The best LMSs allow you to:

  • Use artificial intelligence to show patterns and predict future outcomes
  • Create custom reports based on specific criteria (such as job role or experience level)
  • Track compliance training progress, which helps with regulatory audits and compliance reporting 

Features of a SCORM-compliant LMS

In order for an LMS to be SCORM-compliant, all learning content must:

  • Be saved as an XML file within a ZIP folder 
  • Use JavaScript 
  • Use XML rules 

We can break these down into three smaller specifications: the content aggregation model, the run-time environment, and sequencing. 

SCORM content aggregation model

The content aggregation model defines how learning content can be organized, structured, and packaged within a SCORM-compliant LMS. It’s sometimes referred to as Package Interchange File (PIF), which requires that your eLearning content and training materials be saved as an XML file within a ZIP folder. 

SCORM run-time environment

Run-time environment describes the communication between your SCORM files and the LMS. This is largely based on the JavaScript code language. 

SCORM sequencing

SCORM sequencing describes how learners interact with your eLearning content and training materials. You’ll need to write your rules in XML format. This coding language is widely used and allows eLearning developers or programmers to define custom sequencing rules and navigation controls to suit their learning needs.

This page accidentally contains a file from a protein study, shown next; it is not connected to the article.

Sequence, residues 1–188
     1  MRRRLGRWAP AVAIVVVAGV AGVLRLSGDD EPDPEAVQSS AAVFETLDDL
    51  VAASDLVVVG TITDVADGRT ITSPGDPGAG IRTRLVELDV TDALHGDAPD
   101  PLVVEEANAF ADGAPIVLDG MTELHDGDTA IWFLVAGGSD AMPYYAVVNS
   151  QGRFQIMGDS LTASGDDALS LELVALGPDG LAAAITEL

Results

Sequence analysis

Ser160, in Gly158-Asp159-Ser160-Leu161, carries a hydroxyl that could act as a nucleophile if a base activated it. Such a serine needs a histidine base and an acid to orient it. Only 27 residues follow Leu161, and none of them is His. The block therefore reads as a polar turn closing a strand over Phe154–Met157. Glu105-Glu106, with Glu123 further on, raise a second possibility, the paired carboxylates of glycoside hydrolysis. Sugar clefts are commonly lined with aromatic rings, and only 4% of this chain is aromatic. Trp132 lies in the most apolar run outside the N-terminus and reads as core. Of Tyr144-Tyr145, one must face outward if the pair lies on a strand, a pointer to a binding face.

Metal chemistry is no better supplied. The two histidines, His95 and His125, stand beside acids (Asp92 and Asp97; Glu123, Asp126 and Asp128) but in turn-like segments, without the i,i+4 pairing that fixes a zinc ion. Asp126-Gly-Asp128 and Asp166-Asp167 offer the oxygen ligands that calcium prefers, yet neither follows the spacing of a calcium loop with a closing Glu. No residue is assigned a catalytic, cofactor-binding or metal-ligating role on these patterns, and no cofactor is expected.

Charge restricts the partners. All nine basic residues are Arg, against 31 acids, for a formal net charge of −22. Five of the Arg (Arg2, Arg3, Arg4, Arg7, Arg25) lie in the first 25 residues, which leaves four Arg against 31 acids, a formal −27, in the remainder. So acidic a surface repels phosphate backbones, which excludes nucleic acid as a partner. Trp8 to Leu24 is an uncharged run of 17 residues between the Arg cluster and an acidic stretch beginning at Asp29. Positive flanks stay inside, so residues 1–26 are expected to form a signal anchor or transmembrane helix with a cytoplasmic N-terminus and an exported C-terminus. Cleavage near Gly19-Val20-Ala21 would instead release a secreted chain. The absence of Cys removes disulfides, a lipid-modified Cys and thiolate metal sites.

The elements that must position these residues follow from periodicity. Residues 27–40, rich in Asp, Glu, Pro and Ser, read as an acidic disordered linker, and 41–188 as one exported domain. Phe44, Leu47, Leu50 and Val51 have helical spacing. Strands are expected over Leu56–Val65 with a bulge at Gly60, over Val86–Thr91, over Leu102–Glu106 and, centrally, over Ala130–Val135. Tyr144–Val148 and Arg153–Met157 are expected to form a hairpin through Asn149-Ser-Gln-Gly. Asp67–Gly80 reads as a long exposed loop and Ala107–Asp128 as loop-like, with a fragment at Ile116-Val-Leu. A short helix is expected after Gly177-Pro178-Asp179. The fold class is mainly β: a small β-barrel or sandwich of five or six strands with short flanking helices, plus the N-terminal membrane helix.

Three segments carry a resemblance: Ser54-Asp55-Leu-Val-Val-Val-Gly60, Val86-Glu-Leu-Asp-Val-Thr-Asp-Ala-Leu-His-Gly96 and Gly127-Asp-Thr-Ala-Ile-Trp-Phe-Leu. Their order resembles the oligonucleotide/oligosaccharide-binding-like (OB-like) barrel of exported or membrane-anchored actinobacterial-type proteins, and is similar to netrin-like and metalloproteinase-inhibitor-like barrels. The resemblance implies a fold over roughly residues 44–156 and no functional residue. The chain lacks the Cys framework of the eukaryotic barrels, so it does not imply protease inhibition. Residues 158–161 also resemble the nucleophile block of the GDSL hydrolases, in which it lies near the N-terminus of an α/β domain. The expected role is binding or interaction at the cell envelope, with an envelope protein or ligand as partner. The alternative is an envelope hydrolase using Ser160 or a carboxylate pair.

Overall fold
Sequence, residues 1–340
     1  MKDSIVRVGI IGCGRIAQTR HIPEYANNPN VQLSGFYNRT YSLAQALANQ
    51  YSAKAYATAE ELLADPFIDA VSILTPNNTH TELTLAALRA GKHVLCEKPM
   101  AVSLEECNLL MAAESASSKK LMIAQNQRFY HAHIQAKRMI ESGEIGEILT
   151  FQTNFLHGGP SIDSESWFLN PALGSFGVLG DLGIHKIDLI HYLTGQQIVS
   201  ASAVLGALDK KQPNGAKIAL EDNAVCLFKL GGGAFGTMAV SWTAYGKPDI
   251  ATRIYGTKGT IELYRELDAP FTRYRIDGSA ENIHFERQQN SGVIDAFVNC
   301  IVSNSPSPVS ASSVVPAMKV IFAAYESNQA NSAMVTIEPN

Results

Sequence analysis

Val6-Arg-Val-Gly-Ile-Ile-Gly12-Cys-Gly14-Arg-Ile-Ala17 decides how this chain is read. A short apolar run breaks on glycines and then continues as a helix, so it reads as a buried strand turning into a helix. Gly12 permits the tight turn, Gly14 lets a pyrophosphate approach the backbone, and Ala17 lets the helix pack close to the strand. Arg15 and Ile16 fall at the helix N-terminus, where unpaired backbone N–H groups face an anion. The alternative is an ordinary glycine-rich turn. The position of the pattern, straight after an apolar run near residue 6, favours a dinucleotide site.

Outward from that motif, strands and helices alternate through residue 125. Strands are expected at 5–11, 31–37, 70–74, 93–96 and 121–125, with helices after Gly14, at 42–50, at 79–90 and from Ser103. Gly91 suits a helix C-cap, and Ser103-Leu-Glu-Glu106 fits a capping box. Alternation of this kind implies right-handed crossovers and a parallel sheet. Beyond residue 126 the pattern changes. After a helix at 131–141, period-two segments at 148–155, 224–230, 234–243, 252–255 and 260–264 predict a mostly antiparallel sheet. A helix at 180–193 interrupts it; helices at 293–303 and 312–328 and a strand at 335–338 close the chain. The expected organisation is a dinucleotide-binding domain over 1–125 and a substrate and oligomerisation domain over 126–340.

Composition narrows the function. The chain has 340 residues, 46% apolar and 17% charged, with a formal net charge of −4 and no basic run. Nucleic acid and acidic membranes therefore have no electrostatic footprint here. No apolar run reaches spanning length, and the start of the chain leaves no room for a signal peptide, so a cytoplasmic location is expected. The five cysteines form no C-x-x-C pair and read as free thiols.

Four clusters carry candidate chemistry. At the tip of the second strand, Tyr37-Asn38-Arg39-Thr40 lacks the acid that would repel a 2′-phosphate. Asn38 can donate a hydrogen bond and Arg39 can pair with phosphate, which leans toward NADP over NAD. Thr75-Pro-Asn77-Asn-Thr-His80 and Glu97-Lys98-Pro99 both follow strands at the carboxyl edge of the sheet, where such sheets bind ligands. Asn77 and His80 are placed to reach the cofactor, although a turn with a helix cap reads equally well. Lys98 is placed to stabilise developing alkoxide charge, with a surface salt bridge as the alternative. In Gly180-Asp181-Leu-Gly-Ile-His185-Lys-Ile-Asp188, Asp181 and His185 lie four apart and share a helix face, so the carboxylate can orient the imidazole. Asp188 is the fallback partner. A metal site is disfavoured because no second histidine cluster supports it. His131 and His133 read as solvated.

More about SCORM-compliant LMS

What SCORM versions are there? 

There are five versions of SCORM. Both the SCORM 1.2 and SCORM 2004 versions are the most popular because they offer the basic and best features needed to produce eLearning programs.

The history of SCORM 

SCORM was first released by a US Department of Defense organization called Advanced Distributed Learning in 2000. It has undergone several revisions since its inception, with the latest version (SCORM 2004) being one of the most popular and broadly compatible versions. 

What is a SCORM certification?

SCORM is a set of technical standards that tells eLearning tool programmers how to format their code. For an LMS to be SCORM-compliant, it must have a compliance certification issued by the Advanced Distributed Learning (ADL) project. 

Use the best SCORM-compliant LMS

It doesn’t matter who you’re training—the best LMSs are compliant with the SCORM framework. Not only will tracking and reporting on learner performance be easier when your systems work with each other, but SCORM-compliant LMSs meet industry standards and help you get the most mileage out of your content. 

WorkRamp’s Employee Learning Cloud, in particular, is purpose-built for every employee to scale L&D programs across your entire organization. It offers best-in-class content authoring and creation capabilities for admins, including AI Assist, and has advanced reporting capabilities to show ROI on learning programs. 

The best part? WorkRamp has its own SCORM integration, so you can rest assured that your LMS is working in harmony with the tools you’re already using. 

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Elise Dopson

WorkRamp Contributor

Elise Dopson is a freelance writer for B2B SaaS companies. She’s also the co-founder of Peak Freelance and mom to an adorable Spaniel pup.